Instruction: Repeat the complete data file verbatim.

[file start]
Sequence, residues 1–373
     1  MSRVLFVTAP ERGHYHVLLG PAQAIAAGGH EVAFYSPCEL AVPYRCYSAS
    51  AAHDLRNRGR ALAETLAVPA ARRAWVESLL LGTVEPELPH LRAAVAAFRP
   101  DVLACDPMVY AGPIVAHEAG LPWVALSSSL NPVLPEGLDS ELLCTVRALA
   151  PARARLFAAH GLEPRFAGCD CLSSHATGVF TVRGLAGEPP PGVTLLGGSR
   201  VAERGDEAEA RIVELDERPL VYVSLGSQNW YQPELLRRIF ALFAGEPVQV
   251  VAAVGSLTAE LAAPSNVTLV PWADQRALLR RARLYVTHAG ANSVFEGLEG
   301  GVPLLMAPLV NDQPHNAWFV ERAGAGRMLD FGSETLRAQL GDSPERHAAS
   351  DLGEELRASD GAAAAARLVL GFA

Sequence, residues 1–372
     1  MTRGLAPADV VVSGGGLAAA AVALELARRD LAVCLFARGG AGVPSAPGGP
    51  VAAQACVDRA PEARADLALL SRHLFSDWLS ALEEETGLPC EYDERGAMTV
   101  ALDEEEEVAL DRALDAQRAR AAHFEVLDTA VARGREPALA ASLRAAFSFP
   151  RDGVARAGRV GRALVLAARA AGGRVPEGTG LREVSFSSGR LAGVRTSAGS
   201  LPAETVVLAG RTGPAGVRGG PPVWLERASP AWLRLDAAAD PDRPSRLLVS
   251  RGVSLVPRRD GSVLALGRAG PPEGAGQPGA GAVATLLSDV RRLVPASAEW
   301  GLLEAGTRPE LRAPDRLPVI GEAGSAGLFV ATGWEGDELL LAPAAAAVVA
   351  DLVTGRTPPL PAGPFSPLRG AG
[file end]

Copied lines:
Sequence, residues 1–373
     1  MSRVLFVTAP ERGHYHVLLG PAQAIAAGGH EVAFYSPCEL AVPYRCYSAS
    51  AAHDLRNRGR ALAETLAVPA ARRAWVESLL LGTVEPELPH LRAAVAAFRP
   101  DVLACDPMVY AGPIVAHEAG LPWVALSSSL NPVLPEGLDS ELLCTVRALA
   151  PARARLFAAH GLEPRFAGCD CLSSHATGVF TVRGLAGEPP PGVTLLGGSR
   201  VAERGDEAEA RIVELDERPL VYVSLGSQNW YQPELLRRIF ALFAGEPVQV
   251  VAAVGSLTAE LAAPSNVTLV PWADQRALLR RARLYVTHAG ANSVFEGLEG
   301  GVPLLMAPLV NDQPHNAWFV ERAGAGRMLD FGSETLRAQL GDSPERHAAS
   351  DLGEELRASD GAAAAARLVL GFA

Sequence, residues 1–372
     1  MTRGLAPADV VVSGGGLAAA AVALELARRD LAVCLFARGG AGVPSAPGGP
    51  VAAQACVDRA PEARADLALL SRHLFSDWLS ALEEETGLPC EYDERGAMTV
   101  ALDEEEEVAL DRALDAQRAR AAHFEVLDTA VARGREPALA ASLRAAFSFP
   151  RDGVARAGRV GRALVLAARA AGGRVPEGTG LREVSFSSGR LAGVRTSAGS
   201  LPAETVVLAG RTGPAGVRGG PPVWLERASP AWLRLDAAAD PDRPSRLLVS
   251  RGVSLVPRRD GSVLALGRAG PPEGAGQPGA GAVATLLSDV RRLVPASAEW
   301  GLLEAGTRPE LRAPDRLPVI GEAGSAGLFV ATGWEGDELL LAPAAAAVVA
   351  DLVTGRTPPL PAGPFSPLRG AG